Gwinnett cities improve quality of life through code enforcement

While the approaches to code enforcement may not be the same and the units that handle enforcement may look very different, the most common code violations across Gwinnett’s cities are relatively similar.

Tall grass and weeds. Trash or debris on a property. Inoperable vehicles. These are violations that draw out code enforcement officers across the county most often. The Daily Post takes a look at each city’s code enforcement unit and some of their statistics that stood out for 2013.

Berkeley Lake

This Gwinnett city employs a part-time code enforcement officer. From Jan. 1 through Dec. 31, the city issued 102 notices of violation and just two citations. The three most common violations were for illegal signs, property maintenance and dead or dangerous tree removal.


Buford’s code enforcement unit consists of one part-time employee. On average, about 130 to 135 cases go to court each year.

“We would prefer them, when they come to court it’s fixed and the judge dismisses it,” said Dan Branch, the city’s public safety director. “That’s a win for them and a win for us.”

Branch said the top three issues code enforcement deals with are building and property maintenance, prohibited banners and signs and open storage.

“The ultimate goal of code enforcement is compliance. Period.” — Dan Branch, Buford’s public safety director


The Dacula Marshal’s Office is responsible for code enforcement inside the city of Dacula. The office consists of two employees, Marshal Steve Cline and Marshal Reed Miller. Both are certified police officers and have arrest powers within the city.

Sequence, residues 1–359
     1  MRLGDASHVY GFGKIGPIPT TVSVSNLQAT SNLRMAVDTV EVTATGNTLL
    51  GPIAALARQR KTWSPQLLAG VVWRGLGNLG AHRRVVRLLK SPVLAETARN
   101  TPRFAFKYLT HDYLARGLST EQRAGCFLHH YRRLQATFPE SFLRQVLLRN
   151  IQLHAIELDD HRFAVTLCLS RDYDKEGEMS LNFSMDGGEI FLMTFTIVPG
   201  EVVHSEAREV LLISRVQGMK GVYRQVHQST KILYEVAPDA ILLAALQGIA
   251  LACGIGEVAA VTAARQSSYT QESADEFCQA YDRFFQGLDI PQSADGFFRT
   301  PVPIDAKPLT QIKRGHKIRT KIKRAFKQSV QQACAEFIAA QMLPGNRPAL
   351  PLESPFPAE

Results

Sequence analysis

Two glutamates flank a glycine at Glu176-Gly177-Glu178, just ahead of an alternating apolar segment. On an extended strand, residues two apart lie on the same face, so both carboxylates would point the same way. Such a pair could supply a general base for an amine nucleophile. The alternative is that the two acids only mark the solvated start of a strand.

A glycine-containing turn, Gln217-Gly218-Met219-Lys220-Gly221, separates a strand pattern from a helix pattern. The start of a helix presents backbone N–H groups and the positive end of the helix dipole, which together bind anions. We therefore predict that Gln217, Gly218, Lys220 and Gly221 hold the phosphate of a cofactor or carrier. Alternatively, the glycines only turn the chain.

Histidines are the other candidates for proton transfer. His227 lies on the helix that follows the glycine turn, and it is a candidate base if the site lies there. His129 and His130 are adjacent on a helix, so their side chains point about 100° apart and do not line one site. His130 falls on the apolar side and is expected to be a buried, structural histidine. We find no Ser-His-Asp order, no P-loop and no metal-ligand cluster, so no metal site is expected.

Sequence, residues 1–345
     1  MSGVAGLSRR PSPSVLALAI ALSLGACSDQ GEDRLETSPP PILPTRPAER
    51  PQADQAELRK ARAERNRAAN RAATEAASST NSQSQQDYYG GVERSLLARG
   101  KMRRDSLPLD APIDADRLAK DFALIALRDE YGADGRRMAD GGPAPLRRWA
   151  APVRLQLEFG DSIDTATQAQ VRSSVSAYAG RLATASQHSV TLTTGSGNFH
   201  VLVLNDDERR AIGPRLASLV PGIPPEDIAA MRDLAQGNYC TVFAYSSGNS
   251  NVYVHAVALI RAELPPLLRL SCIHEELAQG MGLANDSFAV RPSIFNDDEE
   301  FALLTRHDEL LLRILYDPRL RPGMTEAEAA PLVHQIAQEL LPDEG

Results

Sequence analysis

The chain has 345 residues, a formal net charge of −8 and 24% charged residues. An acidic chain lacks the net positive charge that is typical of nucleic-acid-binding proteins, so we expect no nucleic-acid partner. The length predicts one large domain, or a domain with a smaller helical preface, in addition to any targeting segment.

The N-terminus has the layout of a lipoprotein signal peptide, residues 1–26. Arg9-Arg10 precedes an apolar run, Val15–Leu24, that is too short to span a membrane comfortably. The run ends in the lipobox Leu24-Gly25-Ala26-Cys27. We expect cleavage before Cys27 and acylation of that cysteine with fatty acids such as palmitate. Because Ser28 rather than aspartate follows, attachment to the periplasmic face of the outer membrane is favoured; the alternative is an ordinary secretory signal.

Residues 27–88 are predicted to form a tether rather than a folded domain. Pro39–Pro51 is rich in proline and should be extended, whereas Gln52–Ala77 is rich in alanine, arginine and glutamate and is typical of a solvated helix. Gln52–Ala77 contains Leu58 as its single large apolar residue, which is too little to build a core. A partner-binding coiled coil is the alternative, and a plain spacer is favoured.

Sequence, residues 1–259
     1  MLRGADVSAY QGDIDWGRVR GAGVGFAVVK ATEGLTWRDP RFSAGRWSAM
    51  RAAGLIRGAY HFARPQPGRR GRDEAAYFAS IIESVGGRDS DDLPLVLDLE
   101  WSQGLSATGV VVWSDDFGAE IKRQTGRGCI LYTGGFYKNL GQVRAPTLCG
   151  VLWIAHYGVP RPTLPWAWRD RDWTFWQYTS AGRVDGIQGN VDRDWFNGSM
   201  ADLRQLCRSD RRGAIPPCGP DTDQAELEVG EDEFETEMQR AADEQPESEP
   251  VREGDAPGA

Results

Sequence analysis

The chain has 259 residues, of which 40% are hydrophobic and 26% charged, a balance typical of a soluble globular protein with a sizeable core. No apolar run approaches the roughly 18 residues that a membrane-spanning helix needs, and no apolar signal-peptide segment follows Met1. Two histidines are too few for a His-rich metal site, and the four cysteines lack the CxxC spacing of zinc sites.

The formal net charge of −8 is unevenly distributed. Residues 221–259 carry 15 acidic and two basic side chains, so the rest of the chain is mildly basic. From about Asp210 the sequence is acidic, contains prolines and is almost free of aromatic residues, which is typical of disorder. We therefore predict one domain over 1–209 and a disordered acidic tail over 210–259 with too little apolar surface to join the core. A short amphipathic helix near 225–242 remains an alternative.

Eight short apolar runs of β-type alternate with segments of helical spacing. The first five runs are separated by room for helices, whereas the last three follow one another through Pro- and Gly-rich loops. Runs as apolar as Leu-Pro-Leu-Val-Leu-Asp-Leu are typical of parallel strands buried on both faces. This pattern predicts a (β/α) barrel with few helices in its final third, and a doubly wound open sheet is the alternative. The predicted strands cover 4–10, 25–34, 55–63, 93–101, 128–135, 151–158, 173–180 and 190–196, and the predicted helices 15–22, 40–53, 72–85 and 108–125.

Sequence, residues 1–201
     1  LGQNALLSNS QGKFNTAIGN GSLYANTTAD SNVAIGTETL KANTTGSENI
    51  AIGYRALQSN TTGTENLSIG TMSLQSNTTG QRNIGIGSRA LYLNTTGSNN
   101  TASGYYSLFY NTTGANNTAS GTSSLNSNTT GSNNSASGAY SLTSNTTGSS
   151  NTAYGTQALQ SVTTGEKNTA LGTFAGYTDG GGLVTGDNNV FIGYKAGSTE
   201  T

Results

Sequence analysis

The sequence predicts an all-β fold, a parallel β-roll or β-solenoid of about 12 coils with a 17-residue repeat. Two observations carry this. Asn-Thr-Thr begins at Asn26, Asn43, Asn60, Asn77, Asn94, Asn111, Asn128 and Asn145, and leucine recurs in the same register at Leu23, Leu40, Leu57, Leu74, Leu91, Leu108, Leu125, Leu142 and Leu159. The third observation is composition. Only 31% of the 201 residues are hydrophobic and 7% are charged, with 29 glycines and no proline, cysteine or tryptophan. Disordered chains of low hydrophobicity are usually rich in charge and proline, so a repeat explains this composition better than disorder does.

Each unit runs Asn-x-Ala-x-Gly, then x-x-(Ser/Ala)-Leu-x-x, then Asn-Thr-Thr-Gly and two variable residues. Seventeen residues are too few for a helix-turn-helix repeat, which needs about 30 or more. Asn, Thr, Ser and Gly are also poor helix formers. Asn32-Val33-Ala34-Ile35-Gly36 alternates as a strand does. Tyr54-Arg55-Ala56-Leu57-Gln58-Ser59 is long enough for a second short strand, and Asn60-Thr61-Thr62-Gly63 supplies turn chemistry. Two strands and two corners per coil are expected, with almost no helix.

“We enforce property maintenance, business and alcohol licensing violations, and a variety of other ordinances,” Cline said. “We have a building inspector that does some enforcement and a planner that also does some environmental and zoning violations.”

From Jan. 1 through Dec. 31, the Dacula Marshal’s Office issued 335 notices of violation and 70 citations. Of those, the highest numbers wer for the following:

• Grass/vegetation — 104 notices of violation and six citations

• Junk vehicles — 39 notices of violation and three citations

• Outdoor storage — 27 notices of violation and four citations


Duluth’s code enforcement unit has one officer, Shelley Shepphard, who handles all violations within the city’s limits. The city’s top four violations are cleanliness of premises and outdoor storage, tall grass and weeds, junk or inoperable vehicles and prohibited signs and banners.

Of the 613 cases the department has handled from Jan. 1 through Dec. 31, the city issued 41 total citations. Among those were the following:

• Cleanliness of premises and outdoor storage — 205 cases with 6 citations issued

• Grass and weeds — 83 cases with 7 citations issued

• Junk or inoperable vehicles — 69 cases with 8 citations issued

• Prohibited signs and banners — 48 cases with 12 citations issued


The city of Grayson has a single employee, Jim Moff, who handles code enforcement. From Jan. 1 through Dec. 31, Moff issued just 10 mailed notices of violation. Most of what he does is verbal communication with the property owner or tenant.

Moff said the violations he sees most are tall grass and weeds and parking violations.

“We do a very good job of enforcing this,” he said.


Lawrenceville’s Quality of Life Unit consists of four officers. From Jan. 1 through Nov. 1, the unit issued 2,294 notices of violation and 38 citations. The three most common property maintenance violations the unit sees are tall grass, outdoor storage and exterior surface maintenance.


Like many other cities in Gwinnett, Lilburn’s code enforcement unit’s No. 1 violation is tall grass and weeds. But that violation, city planner and code enforcement supervisor Alex Mitchem said, is seasonal, of course.